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Publication numberUS2243429 A
Publication typeGrant
Publication dateMay 27, 1941
Filing dateJan 11, 1938
Priority dateJan 13, 1937
Publication numberUS 2243429 A, US 2243429A, US-A-2243429, US2243429 A, US2243429A
InventorsRudolf Laux
Original AssigneeLangbein Pfanhauser Werke Ag
Export CitationBiBTeX, EndNote, RefMan
External Links: USPTO, USPTO Assignment, Espacenet
Electroplating of nonconductive surfaces
US 2243429 A
Abstract  available in
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Claims  available in
Description  (OCR text may contain errors)

this is brought about Patented May l'2' 7, 1941 ELECTROPLATING F NONCONDUCTI-VE SURFACES Rudolf Laux, Leipzig, Germany, assignor to Langbein Pfanhauser Leipzig, Germany N 0 Drawing.

rial No.

Claims.

Various processes are known for producing metal coatings electrolytically on objects of insulating material or on objects with a nonconducting surface. For carrying out such electroplating processes, the insulating surface of the object must first be made conductive, e. g. by graphiting or by depositing an exceedingly thin Werke Aktiengesellschaft,

Application January 11, 1938, Se- 184,392. In Germany January 13,

metal coating (metal mirror) from a reducible metal salt solution. on to this first conductive surface coating, a copper layer is then usually first electrolytically deposited from alkali cyanide or acid copper galvanoplastic baths, and finally a further electrolytic deposit of another metal is produced.

The present invention refers particularly to those processes in which the first conductive surface coating on the object consists of an exceedingly thin metal coating, e. g. a silver mirror or a copper mirror which is deposited from a corresponding metallic salt solution by chemical v reduction. It has been proved that, when the object is suspended in those galvanic baths which usually serve for the electrolytic separation of copper, namely acid galvanoplastic copper baths or also alkali cyanide copper baths, an exceedingly thin metal coating of this kind is attacked by these baths in a manner which causes solution, so that considerable wastage occurs because the galvanoplastic copper deposits then turn out irregular or incomplete.

The purpose of th invention is to remove these drawbacks. According'to the invention, owing to the fact that the object, which is provided for instance with a silver mirror, is treated cathodically for some time in an aqueous copper sulphate solution before suspension in one of the usual galvanic copper baths, the pH value of the copper. sulphate solution amounting to about 3.4 to 1.8. This corresponds to aqueous solutions of copper sulphate which contain only up to about 2.5 gms. of free sulphuric acid per litre. In so doing, the concentration of the copper sulphate preferably amounts to only about 40 to 100 gms. per litre. In baths of .this kind, a satisfactory electrolytic coppering of the exceedingly thin metal surface is obtained without risk of its partial solution 'or injury in any other manner during suspension. Objects with an exceedingly thin silver layer can even be suspended in the copper sulphate solution for several hours without current.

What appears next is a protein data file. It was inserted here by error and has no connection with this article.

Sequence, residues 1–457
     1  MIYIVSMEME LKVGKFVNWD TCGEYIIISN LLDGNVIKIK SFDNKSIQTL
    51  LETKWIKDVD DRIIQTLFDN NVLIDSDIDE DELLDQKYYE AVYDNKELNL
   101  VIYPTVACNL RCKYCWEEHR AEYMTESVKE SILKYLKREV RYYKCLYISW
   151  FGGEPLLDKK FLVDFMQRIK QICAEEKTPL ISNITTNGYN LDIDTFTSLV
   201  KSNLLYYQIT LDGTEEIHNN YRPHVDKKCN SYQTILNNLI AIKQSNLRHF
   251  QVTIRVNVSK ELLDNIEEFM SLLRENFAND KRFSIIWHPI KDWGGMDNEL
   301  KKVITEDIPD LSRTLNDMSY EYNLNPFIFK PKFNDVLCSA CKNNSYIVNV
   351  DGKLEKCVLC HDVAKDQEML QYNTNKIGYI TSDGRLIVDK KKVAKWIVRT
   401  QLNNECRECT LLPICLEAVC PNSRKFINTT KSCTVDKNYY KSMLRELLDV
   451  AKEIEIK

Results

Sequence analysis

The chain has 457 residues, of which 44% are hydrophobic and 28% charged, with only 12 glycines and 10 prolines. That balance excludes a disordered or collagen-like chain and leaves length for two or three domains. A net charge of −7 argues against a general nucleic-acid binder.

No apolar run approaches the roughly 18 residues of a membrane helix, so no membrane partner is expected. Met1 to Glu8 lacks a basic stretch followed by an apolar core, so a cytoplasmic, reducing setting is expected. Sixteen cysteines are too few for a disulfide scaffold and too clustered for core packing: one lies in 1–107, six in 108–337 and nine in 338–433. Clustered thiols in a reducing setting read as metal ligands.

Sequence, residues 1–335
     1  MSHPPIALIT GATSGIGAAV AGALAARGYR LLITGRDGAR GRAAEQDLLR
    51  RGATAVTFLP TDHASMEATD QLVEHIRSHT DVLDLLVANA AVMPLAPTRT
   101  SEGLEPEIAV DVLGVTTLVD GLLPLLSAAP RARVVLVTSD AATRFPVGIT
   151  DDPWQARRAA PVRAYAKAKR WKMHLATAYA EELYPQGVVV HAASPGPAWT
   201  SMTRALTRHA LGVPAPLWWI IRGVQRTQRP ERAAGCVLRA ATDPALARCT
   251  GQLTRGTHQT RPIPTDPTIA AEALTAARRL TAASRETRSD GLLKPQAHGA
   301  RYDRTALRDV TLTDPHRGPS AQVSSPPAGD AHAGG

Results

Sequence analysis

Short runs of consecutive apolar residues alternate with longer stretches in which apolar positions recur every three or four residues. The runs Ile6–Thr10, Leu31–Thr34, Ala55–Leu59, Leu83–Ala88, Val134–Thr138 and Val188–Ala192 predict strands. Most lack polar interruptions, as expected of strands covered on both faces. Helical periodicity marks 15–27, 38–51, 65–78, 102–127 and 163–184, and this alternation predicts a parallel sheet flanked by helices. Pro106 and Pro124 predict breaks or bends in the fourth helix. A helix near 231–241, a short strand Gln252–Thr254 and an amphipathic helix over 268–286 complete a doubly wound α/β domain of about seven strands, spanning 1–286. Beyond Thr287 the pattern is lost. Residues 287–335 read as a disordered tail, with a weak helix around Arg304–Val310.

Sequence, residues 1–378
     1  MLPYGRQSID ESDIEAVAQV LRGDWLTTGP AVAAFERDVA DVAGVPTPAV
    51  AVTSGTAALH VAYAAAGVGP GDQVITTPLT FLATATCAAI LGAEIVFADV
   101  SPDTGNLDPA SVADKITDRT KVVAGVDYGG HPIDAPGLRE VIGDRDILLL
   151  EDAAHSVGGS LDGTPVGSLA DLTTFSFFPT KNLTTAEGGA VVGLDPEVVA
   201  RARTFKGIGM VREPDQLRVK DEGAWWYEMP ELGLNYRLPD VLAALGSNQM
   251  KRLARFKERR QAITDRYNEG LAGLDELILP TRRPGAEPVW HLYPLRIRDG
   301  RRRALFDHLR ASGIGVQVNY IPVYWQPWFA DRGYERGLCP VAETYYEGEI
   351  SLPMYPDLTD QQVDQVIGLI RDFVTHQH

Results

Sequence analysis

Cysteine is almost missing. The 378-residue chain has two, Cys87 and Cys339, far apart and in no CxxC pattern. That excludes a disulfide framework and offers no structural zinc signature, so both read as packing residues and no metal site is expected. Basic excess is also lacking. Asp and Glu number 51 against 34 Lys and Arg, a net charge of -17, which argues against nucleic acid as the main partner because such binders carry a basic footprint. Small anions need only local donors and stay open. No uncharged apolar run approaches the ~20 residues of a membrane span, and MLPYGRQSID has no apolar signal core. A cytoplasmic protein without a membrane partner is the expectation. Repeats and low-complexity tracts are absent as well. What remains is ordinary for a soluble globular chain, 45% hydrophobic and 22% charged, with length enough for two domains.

After the metal surface is well covered with copper in the copper bath constructed according to the invention, the further thickening of the copper deposit can be effected in one of the usual galvanic copper baths, for instance in one of the acid copper baths, usual in galvanoplastics, containing about 200 to 300 gms. of copper sulphate and about 15 to 40 gms. of free'sulphuric acid per litre and of which the pH value amounts to about 1.1 to0.9.

I claim:

1. Process for .the production of a conductive coating on an object having a nonconductive surface, which comprises reducing a solution of a copper salt while in contact with said surface, thereby producing a thin copper deposit thereon, then electrolytically depositing further copper on said copper deposit from solution containing copper sulphate and some free sulphuric acid and having a pH value of from about 3.4 to about 1.8, and finally building up the copper coating by electrolytic deposition from a solution containing a higher concentration of copper sulphate and of free acid than said last mentioned solution.